While having dinner with my friend Rebecca last night at an outdoor cafe, I came to this conclusion: I do not have to be kind to the foot fetish man. This is perhaps, to most people, obvious. I, on the other hand, am more idealistic than most. I have a lotus tattooed on my right shoulder, surrounded by phrases from various cultures, all stating different forms of one essential idea: show love and kindness to everyone.
This way of life works well most of the time, but then things like this come up:
I’m sitting in a park in Italy—Florence, to be exact—feet folded to the side in a ladylike fashion, book spread open before me. Suddenly, a shadow appears. I look up to see a round man with a goatee grinning at me. He’s speaking rapidly in Italian.
When I smile and inform him that I don’t speak, nor do I understand, Italian, he squats down and begins to speak in broken English.
Him: I like your tattoos.
Me: Grazie! (Big, sincere grin)
Him: I especially like ones on your feet.
Me: (Appreciative head tilt) Grazie, grazie!
Him: I have, how you say, fetish.
Me: (Considering that perhaps fetish has more meanings than I am aware of) Oh! (Slow nod).
Him: Maybe (Mebbe) you could put feet (fit) on my face (fec), yes? (He points his two thumbs at his own cheeks).
Me: Oh, no thank you. I have to go to class soon.
I want to laugh. Hysterically. At the same time, I want to run away. Still, part of me wants to hug him, to acknowledge how lonely and socially stunted one must have to be to approach a stranger in the park and ask her to put her feet on your face, while pointing one’s own fat thumbs at one’s own hope-filled (and fatty, fatty, fat) cheeks.
For this reason, I stay put and listen kindly as he tells me he really loves my super-white skin, that he finds redheads like me to be infinitely more interesting than (thumbs down) blondes or brunettes. That he really appreciates my friendship because he is having a very hard time in his life and it is nice to have someone to talk to. He wants to buy me dinner.
I reiterate: I must soon go to class.
No, I have no time.
For some reason—or more specifically because I feel a responsibility to this other human being, because he has made himself vulnerable to me, and because I have to be kind, damnit—I end up giving the foot fetish man my email address. I have no intention of ever seeing him again, but I wanted him to feel—I don’t know—accepted? Acknowledged? Heard?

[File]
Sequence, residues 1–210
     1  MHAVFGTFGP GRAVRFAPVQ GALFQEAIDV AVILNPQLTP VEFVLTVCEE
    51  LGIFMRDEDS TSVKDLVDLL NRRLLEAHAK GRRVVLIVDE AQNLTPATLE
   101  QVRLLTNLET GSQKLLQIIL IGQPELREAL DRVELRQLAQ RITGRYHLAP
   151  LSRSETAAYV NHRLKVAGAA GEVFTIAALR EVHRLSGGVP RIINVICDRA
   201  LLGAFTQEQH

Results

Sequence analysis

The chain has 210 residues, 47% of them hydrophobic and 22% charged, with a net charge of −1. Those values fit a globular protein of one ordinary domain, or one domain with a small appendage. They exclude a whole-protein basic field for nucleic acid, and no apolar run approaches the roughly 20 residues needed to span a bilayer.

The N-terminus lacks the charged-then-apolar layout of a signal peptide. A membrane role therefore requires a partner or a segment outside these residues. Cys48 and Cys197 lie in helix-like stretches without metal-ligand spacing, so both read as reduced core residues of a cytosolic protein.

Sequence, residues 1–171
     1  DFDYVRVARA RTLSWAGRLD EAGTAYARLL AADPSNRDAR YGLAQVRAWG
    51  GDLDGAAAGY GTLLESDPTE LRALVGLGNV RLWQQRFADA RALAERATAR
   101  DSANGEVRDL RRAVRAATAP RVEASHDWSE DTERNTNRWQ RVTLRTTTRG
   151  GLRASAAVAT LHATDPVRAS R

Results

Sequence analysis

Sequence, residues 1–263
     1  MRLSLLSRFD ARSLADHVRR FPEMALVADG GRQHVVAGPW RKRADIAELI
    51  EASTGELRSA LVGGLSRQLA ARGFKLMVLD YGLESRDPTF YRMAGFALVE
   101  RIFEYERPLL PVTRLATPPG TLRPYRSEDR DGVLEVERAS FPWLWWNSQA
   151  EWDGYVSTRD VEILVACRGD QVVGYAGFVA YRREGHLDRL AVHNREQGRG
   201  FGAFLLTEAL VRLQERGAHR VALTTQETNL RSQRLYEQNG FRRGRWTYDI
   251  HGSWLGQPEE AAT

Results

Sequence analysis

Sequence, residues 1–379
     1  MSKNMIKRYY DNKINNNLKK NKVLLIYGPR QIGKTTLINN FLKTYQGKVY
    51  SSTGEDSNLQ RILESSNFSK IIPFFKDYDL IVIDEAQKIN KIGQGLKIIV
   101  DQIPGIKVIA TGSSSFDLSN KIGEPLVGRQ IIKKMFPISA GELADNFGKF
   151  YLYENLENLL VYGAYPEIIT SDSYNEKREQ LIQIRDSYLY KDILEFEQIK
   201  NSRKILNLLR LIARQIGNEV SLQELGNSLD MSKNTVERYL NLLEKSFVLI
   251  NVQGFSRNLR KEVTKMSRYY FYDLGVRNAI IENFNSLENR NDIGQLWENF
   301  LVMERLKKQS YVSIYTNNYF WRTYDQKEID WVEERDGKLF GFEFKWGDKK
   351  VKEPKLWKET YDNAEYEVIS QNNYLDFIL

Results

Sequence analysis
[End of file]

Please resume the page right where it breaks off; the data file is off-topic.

Later in the evening, I receive this email:
Subject: hi branda
hi branda , i’m edoardo “eddie”…we know today in the park in florence , so now i’m at home and write to you , i’m so glad to had know you …how about your lesson ? and your school ? i don’t know what you have to do and when you’re free …but maybe if you whant i’m in city tomorrow from 15:30 to 19:00 , i will gad to invite you to walk around city , i can show you many places ..and drink someting togheter … i hope you accept ; )
thank you very much
and good night
eddie ; )
This creates, for me, a difficult situation: I am intelligent enough to know that it’s not safe to go out drinking with the foot fetish man, and, therefore, it’s not going to happen. But, he’s nice. And, is anyone else going to be kind to him? And what if he walked away from our interaction with that soaring feeling that we’re all familiar with, only to realize that I’m really just the same as all the other women who don’t want to put their feet on his squishy, sweaty, stubbly face?
That last sentiment came to me as I was relating this story to my friend Rebecca over a pitcher of sangria and a bowl full of strawberries (or strowberries, as they were named on the menu.) What if I am making things worse by being kind to people, (this sort of thing happens to me all the time—the foot fetish man is merely one example) who then think it is okay to start such fucked-up conversations with other women, when of course those other women are going to react negatively to such suggestions? If so, my kindness is actually having a crippling effect.
“I don’t have to be kind to the foot fetish man,” I say out loud, as a sort of half-drunk declaration. And I raise my glass of sangria towards the sky, as a small, elderly woman selling hideously ugly shawls approaches our table and speaks in a language I can’t place. She holds up the terrible wraps and locks desperate eyes with me. I shake my head no, and she intensifies her sorrow-filled facial expression . . . ‘Well,’ I think, ‘Maybe I could use a shawl.’